Minke whales are the smallest and most abundant of the baleen whales. They grow to be about 8 to 9 metres long and weigh between 5,400 to 6,800kg. As with all baleen whales, females are larger than males. Their long slender bodies are black to dark grey on top and white on the underside and they have a narrow, triangular jaw.
There are two species of minke whales: the common or northern minke whale and the Antarctic or southern minke whale. Minkes are known for their curiosity. They sometimes swim beside ships at speeds of up to 34 km/h.
Minke whales have the same diet as blue whales, feeding mainly on krill or small schooling fish. These elegant cetaceans often travel alone, but sometimes can be found in small pods of 2 to 3 individuals.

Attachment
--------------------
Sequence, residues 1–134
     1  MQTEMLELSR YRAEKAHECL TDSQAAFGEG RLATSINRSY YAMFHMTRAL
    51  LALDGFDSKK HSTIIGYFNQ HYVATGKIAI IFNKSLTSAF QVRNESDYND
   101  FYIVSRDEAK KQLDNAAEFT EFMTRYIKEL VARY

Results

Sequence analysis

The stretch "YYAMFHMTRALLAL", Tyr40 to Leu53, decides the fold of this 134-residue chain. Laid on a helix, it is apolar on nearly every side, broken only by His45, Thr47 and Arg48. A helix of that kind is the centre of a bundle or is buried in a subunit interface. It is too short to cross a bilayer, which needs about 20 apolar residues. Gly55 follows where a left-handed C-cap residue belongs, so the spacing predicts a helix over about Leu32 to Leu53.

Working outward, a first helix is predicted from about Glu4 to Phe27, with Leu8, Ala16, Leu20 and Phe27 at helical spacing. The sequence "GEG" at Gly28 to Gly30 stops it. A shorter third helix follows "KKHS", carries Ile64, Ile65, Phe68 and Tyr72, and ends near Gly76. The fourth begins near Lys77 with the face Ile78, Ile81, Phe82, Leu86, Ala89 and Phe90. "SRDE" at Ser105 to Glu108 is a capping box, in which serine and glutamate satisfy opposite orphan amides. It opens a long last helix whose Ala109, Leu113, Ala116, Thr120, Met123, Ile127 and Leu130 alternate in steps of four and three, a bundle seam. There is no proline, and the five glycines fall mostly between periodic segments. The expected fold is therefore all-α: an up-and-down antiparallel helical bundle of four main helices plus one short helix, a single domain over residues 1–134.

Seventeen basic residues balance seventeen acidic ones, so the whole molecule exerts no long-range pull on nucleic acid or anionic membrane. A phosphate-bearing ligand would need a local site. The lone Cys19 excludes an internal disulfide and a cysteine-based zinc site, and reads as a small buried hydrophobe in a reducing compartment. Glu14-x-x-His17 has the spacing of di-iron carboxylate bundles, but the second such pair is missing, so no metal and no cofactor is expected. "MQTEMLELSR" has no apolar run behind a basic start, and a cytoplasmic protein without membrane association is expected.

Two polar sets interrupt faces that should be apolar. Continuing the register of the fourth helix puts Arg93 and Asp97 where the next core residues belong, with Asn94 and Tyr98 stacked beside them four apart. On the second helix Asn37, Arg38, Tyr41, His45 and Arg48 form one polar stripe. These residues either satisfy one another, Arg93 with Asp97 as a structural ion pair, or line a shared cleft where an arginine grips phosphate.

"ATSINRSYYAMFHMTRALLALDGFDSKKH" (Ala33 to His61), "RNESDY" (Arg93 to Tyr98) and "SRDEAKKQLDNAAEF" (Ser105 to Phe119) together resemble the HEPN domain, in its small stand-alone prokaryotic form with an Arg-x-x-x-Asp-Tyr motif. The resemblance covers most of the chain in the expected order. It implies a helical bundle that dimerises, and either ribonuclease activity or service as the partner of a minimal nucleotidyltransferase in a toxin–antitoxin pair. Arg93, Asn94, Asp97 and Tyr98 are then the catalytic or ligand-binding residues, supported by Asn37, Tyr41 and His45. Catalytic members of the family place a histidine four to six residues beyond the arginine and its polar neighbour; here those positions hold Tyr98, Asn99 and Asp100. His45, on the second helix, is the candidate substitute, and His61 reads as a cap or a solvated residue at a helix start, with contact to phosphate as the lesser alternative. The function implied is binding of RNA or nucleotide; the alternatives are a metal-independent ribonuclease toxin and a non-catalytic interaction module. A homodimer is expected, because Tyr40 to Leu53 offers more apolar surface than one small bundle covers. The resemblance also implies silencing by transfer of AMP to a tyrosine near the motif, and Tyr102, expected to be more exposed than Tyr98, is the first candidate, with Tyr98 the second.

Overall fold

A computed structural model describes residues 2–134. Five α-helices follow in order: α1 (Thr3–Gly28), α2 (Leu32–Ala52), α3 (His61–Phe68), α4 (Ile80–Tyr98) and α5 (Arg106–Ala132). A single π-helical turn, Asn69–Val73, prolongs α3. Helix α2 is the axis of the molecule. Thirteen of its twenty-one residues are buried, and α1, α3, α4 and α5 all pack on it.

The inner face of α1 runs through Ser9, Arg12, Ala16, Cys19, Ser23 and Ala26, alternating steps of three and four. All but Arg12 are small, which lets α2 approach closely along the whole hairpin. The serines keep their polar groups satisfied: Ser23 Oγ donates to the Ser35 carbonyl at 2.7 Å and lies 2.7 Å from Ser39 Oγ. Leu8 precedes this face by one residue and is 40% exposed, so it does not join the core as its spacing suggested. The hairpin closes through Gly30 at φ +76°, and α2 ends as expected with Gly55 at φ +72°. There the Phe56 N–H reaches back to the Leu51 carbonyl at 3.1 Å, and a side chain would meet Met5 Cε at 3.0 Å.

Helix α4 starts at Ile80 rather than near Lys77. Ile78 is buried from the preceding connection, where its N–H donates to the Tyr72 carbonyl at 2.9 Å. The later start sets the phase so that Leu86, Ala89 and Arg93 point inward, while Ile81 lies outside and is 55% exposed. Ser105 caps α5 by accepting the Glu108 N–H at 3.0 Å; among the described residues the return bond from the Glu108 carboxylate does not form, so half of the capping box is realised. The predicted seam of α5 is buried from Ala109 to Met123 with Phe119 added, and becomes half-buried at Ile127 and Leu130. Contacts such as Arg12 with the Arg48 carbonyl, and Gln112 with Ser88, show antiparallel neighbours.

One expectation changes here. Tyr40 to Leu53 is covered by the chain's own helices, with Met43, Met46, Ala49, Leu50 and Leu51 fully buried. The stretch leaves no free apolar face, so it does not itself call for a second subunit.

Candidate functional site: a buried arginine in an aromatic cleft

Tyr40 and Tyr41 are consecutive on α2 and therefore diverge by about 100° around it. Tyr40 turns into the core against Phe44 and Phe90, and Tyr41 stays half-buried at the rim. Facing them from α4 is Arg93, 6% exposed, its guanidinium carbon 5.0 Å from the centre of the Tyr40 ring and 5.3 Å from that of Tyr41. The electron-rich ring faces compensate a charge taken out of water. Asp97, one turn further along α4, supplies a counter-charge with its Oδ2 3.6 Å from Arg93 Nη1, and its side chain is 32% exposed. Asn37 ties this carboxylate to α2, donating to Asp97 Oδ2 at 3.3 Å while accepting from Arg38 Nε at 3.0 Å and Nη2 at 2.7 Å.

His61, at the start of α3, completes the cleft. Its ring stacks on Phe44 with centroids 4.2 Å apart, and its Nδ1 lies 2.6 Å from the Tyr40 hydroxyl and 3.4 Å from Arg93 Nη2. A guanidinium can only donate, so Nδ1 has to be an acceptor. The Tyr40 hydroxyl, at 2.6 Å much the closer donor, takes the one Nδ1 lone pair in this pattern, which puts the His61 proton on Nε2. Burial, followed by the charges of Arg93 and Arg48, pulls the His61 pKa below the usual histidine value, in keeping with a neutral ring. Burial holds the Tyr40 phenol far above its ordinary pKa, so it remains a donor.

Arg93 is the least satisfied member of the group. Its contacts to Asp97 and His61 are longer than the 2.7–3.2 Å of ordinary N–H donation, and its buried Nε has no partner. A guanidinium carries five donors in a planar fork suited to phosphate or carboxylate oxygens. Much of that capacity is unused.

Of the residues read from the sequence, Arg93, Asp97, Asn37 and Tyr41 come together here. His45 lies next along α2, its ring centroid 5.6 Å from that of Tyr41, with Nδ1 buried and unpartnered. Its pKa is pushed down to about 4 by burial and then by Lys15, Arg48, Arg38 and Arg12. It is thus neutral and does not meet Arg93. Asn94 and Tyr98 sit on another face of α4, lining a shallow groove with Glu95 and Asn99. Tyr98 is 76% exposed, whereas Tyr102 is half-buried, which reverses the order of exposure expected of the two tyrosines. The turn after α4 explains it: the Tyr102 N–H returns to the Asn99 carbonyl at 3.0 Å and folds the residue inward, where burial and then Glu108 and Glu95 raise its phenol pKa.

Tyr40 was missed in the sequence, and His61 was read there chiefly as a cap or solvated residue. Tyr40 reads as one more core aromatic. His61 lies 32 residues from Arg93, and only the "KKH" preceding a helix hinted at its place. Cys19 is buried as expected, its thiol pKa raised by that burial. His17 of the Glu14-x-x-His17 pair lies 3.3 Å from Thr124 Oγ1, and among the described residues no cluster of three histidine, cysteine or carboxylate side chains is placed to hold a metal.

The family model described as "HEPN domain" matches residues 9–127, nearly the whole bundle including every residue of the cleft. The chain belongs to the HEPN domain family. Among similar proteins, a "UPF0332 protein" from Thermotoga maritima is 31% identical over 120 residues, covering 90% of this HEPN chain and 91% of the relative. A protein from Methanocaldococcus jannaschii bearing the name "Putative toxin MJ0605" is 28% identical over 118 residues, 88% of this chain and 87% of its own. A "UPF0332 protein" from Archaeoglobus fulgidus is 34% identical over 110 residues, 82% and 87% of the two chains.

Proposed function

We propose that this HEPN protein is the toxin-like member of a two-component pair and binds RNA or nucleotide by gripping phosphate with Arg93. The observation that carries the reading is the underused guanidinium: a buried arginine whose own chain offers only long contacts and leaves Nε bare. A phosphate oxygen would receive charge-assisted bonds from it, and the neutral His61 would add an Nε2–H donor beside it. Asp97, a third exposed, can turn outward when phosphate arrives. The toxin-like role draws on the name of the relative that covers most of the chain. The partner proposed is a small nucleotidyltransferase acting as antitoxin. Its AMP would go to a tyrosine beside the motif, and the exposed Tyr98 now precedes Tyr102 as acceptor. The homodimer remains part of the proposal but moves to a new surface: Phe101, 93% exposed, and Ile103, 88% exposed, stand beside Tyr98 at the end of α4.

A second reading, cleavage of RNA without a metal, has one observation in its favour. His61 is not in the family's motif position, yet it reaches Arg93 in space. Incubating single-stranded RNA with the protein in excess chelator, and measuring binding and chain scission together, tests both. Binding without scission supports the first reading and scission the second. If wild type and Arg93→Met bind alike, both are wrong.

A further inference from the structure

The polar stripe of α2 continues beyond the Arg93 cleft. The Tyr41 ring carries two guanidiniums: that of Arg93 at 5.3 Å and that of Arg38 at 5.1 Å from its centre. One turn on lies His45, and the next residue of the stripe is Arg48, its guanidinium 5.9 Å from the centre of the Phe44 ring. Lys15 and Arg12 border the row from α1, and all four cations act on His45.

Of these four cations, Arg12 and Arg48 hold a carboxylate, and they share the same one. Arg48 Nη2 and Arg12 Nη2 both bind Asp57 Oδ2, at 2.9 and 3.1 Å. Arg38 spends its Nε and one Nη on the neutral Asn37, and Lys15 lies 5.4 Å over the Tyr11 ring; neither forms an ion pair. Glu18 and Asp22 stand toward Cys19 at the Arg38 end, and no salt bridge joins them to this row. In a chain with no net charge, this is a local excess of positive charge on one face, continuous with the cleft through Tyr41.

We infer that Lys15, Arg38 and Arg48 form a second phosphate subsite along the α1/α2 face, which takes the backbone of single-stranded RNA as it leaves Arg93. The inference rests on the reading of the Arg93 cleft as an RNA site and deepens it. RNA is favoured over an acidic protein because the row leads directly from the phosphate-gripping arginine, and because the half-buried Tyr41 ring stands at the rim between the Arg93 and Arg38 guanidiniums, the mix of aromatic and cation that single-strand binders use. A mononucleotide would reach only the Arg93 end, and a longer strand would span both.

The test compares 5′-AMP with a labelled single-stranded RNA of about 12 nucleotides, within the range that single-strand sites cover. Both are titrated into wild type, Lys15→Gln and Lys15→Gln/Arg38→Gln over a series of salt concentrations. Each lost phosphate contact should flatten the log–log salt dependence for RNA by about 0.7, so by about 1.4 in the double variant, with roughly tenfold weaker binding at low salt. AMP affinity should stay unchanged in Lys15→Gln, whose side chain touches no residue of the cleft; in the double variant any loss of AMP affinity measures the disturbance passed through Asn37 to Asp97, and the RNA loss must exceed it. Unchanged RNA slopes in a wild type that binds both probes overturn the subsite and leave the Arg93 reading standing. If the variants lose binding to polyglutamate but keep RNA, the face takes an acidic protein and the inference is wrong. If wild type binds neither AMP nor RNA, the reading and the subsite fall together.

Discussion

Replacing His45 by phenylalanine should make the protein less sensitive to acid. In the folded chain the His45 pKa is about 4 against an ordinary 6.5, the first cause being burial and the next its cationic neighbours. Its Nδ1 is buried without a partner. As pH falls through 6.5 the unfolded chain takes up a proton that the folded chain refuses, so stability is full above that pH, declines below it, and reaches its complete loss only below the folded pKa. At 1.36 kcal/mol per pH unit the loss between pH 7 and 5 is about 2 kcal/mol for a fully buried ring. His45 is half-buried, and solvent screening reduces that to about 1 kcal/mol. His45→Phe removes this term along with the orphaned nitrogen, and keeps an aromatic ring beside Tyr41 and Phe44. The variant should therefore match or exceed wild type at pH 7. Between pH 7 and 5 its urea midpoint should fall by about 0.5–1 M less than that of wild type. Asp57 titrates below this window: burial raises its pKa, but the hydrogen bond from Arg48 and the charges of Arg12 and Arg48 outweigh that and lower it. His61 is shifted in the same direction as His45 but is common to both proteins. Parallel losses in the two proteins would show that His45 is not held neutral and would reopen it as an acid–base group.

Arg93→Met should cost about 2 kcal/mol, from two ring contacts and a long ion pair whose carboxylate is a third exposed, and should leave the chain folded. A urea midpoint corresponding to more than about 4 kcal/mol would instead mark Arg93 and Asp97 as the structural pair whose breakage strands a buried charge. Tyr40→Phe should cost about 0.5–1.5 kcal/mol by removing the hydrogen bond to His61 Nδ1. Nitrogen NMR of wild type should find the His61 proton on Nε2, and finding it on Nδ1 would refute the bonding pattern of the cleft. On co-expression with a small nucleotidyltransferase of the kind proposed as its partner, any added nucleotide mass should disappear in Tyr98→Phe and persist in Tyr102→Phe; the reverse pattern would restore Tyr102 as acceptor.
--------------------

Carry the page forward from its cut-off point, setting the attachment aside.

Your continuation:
Whaling of Minke Whales
Minke whales are the most widely hunted species in our oceans and continue to be threatened by continued commercial and so-called scientific whaling by Iceland, Norway and Japan.
The International Union for Conservation of Nature (IUCN) has classified minke whales in their Red List Category and Criteria as 'Least Concern'. That means the population is estimated to be above the threshold considered to be threatened. However, the IUCN also recommends ongoing monitoring of the impact that the expected rise in Arctic temperatures have on minke whales in that region.